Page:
Sir Stelios picks fresh fight with ex-easyJet boss Harrison

The airline's outspoken founder says he's planning to vote against a £1m pay package for former CEO Andy Harrison.

by Emma Haslett
Last Updated: 10 May 2011
Andy Harrison may have left easyJet, but the airline's former CEO has apparently still not escaped the enmity of Sir Stelios Haji-Ioannou. The easyEntrepreneur has chosen to wade back into their long-running row by announcing that he plans to vote against Harrison's exit package: he (Stelios) is objecting to the fact that easyJet plans to pay Harrison £1m for six months’ work last year, without bothering to consult him. Although it’s not the first time Harrison has clashed with the man who remains easyJet’s biggest shareholder – in 2008, an argument erupted over the airline’s brand name and growth strategy - he was presumably hoping that his move to Whitbread might have drawn a line under it all. But apparently not...

The rows between Stelios and the easyJet management during Harrison's tenure were fairly complicated, and this sounds no different. According to reports, Stelios's beef is that Harrison was paid £1m - £750,000 in salary and a £250,000 bonus - for the six months between 1 April and 30 September last year, despite the fact that he'd already quit before the period started, and despite the fact he actually left the company on June 30.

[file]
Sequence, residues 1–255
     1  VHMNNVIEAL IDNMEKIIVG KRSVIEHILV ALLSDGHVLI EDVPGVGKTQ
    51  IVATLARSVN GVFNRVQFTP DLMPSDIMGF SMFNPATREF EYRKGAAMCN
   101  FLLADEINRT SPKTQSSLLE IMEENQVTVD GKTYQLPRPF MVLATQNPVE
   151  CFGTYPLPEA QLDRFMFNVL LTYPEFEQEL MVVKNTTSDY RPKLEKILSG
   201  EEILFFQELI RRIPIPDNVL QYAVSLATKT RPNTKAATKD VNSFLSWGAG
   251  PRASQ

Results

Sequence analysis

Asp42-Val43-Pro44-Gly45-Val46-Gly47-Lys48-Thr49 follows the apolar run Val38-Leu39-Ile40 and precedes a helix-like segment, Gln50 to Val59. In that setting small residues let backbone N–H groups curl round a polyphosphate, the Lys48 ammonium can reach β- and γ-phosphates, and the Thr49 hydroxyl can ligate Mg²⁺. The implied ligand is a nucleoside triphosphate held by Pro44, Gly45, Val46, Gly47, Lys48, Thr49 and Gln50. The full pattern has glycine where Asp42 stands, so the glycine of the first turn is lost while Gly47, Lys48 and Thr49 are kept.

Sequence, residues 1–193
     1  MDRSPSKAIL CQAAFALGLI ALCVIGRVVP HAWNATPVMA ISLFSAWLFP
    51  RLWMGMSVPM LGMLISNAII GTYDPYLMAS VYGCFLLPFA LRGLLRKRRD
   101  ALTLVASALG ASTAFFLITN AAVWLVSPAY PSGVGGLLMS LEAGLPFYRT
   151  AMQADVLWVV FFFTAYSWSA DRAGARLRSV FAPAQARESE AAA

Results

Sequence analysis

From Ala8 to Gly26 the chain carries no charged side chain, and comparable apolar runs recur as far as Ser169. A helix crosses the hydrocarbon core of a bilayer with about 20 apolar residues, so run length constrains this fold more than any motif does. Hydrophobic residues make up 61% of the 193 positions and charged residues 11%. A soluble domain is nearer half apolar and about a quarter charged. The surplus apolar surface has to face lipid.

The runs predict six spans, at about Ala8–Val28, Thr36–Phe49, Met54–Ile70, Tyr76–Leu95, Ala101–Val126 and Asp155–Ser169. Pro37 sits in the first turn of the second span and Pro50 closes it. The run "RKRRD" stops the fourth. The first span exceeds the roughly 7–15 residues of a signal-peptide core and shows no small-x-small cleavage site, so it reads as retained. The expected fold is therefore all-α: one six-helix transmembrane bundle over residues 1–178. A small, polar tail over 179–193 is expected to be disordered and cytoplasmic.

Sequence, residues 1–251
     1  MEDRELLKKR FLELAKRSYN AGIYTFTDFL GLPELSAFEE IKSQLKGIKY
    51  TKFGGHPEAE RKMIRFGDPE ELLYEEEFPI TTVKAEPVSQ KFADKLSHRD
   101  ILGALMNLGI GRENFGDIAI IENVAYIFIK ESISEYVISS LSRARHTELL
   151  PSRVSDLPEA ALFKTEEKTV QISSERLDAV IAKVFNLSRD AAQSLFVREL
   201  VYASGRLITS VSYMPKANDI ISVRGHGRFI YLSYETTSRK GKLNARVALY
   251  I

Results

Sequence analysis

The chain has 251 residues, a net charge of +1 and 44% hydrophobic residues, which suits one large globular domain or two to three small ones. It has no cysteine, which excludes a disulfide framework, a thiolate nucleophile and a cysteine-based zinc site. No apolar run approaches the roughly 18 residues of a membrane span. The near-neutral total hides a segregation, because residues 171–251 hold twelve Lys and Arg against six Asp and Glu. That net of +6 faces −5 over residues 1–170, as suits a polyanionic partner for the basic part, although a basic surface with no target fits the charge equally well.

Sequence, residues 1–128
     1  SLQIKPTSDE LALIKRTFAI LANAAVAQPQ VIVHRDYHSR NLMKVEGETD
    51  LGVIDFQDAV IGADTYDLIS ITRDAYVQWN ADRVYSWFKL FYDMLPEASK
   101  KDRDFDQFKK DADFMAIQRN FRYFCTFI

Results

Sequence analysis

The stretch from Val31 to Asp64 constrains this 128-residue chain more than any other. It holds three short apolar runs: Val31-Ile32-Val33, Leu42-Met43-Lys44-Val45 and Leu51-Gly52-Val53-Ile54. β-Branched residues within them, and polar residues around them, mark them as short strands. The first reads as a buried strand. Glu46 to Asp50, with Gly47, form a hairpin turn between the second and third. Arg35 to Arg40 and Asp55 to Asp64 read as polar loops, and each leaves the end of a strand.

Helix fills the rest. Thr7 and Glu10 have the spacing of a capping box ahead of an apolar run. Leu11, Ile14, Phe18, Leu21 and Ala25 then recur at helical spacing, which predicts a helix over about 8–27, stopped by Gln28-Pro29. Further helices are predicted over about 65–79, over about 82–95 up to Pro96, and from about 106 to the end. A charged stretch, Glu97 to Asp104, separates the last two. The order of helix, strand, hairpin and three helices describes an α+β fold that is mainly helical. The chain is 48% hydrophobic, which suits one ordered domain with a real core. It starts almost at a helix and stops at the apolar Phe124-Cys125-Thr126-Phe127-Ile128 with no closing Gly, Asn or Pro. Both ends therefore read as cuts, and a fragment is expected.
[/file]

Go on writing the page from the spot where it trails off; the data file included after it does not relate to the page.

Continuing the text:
easyJet also, apparently, paid Harrison an extra £1.2m as a 'golden handcuffs' retention bonus until he started his new job in September, for reasons that Sir Stel clearly finds hard to understand. He suggested the board was basically bounced into the deal, and didn't work hard enough to link Harrison's pay to the company's performance - which, he claims, ‘gave the CEO the right to destroy shareholder value in the summer of 2010 with impunity’. Doesn't mince his words, does he? In fact, he's so aggrieved that he's also abstaining from the vote on the re-appointment of interim chairman Sir David Michels.

The good news for Harrison's replacement Carolyn McCall is that her recalcitrant major shareholder seems much better disposed to his new CEO; Stelios said that he would like to ‘favourably acknowledge’ McCall and FD Chris Kennedy’s decisions to forego their bonuses after the company’s profits dropped this summer. So at least he’s on her side. Long may it continue.

Find this article useful?

Get more great articles like this in your inbox every lunchtime